History of Cable Television

Advertising can be very harmful though it promotes image, worth, wealth, beauty, and a vision of love and sexuality. Therefore, cosmetology ads illustrate to individuals the way they ought to look and which clothes they ought to wear to be assimilated into contemporary society. In other instances, advertising can lead to addictive behaviors, causing many problems for consumers. 

Also, people pay a lot of money for advertising and take health risks. At the same time, the revenues of advertising agencies have increased in recent years. Commercial advertising has funded several billion dollars in various industries worldwide.

 Advertising promotes certain products to people, but most of them turn out hazardous. After seeing several ads, individuals turn out to demand much of what they don’t require or cannot manage to pay for (Britton, 9). Too many cosmetology ads can make people uncomfortable when they don’t have what they want. Advertising brings financial prosperity to the market, but it reflects negative impacts on viewers.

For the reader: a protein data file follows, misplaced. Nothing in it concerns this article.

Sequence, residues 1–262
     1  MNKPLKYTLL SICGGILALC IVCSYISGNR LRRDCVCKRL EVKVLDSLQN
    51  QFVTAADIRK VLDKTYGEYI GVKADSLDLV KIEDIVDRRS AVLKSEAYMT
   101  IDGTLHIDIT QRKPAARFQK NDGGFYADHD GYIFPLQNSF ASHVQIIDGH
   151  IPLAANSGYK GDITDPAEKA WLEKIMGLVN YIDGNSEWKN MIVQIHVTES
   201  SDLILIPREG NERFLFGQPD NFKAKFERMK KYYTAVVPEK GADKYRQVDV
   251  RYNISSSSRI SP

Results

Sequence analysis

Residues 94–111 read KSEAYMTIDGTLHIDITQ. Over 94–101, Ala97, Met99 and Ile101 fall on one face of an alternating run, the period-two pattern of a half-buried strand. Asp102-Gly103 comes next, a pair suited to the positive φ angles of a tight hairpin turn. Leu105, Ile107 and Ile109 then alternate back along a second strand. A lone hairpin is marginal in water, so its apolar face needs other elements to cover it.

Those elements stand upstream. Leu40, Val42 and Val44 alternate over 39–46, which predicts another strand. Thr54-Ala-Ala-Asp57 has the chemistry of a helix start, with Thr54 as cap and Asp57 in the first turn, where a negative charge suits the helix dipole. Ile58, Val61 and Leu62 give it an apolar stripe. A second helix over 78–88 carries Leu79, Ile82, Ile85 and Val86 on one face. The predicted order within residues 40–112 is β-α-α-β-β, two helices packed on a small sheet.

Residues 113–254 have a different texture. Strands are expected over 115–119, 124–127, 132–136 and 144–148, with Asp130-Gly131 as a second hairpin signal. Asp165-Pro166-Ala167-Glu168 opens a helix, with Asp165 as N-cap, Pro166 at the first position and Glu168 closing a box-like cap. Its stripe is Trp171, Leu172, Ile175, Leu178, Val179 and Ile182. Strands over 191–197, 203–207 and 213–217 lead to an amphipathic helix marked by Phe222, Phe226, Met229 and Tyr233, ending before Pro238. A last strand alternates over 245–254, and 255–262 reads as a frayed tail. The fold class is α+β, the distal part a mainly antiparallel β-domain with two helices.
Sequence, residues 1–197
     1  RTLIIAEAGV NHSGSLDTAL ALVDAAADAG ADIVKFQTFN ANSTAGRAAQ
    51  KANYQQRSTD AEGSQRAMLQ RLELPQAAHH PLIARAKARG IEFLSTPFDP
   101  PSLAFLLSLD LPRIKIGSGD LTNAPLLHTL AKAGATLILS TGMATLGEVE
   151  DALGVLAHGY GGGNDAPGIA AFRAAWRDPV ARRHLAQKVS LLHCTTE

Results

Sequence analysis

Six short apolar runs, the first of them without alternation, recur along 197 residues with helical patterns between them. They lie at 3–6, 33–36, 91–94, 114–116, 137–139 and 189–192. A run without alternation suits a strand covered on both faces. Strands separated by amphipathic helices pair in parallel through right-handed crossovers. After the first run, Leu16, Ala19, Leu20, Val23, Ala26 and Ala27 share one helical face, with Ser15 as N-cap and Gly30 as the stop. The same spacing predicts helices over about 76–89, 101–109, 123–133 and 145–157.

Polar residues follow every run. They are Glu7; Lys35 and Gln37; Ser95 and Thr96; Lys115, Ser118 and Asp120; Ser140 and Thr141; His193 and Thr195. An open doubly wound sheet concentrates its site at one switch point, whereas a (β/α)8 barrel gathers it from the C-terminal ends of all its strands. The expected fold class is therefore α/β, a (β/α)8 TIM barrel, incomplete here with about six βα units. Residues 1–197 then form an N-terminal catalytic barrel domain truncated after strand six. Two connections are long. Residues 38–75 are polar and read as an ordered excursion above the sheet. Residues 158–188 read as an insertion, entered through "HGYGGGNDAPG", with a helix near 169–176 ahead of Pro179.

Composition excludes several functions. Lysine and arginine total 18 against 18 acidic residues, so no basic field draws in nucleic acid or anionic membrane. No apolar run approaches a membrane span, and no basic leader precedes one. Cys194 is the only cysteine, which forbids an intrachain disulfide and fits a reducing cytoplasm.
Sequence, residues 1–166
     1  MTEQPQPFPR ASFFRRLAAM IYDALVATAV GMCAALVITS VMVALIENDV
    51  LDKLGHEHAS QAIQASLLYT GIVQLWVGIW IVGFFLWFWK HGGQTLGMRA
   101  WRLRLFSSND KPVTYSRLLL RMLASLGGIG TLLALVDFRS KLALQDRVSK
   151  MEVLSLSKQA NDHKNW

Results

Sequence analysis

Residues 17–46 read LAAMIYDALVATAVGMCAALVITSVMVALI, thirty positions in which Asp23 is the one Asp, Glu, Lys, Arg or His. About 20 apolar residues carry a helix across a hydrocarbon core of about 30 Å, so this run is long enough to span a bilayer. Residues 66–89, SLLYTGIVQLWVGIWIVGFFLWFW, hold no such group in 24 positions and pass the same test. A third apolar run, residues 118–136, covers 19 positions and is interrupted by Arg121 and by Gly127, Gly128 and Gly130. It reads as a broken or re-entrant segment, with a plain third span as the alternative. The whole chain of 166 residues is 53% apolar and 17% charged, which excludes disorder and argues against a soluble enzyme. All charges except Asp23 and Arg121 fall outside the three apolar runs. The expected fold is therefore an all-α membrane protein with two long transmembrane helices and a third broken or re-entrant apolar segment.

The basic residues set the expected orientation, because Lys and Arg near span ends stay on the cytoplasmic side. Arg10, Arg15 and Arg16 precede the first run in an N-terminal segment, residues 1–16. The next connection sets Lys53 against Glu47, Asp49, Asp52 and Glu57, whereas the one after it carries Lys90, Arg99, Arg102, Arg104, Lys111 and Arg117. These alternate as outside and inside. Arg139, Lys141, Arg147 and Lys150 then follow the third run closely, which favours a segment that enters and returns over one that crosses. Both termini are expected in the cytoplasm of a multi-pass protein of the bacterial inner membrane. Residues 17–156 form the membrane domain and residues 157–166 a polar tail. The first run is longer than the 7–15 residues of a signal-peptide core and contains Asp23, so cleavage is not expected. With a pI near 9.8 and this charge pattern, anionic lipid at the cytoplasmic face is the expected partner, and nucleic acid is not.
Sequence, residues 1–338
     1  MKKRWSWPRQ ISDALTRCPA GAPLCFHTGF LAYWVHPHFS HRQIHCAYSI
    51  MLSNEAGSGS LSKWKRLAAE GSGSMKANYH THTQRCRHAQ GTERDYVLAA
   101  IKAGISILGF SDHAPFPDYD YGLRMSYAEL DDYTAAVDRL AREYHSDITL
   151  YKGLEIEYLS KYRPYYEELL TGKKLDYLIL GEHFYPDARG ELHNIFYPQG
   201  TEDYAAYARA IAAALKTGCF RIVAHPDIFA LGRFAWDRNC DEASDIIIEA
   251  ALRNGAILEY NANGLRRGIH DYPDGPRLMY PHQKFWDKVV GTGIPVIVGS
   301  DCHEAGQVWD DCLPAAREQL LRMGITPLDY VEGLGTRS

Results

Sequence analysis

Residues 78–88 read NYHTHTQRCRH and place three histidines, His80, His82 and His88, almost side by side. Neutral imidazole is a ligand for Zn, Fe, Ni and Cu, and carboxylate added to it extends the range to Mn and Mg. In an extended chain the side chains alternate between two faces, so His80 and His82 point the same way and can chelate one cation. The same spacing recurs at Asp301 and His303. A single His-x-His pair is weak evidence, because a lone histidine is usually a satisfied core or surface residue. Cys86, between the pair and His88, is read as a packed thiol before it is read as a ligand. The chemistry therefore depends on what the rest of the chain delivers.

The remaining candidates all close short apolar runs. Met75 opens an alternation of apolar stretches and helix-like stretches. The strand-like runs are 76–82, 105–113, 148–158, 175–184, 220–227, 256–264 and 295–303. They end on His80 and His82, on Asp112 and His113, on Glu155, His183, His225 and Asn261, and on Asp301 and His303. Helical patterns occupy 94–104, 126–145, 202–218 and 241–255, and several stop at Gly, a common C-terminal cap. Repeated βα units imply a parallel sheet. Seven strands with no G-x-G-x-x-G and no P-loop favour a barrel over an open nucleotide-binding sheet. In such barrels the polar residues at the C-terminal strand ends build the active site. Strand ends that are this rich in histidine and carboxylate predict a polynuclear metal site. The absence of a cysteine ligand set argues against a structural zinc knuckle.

Simultaneously, there are ads depicting women average in size. For instance, about 10 years ago, the “Dove Real Beauty” campaign featured women of different sizes and races to showcase their beauty. This particular ad doesn’t have the manipulation or pressure that other ads normally have. The existences of digitally processed pictures of very slender models that can make women feel obese or unattractive are nil.

 Therefore, the campaigns aim to give clients confidence. The ad features women of different ages, faces that are natural and of average, and they are happy with how they look. The fact that is refuted in this objection is that the campaign is more damaging to women and girls than traditional advertising. Women have been taught by adverts to judge themselves against the ideal illustrations they have recently seen, which then can cause the women to compare themselves to real images of women in this advertisement (Trampe et al., 1037).  The campaign and its audience are still under threat in this regard. Therefore, the advertisement somehow affects a woman’s self-esteem and the force to compare with the body and appearance of the woman presented.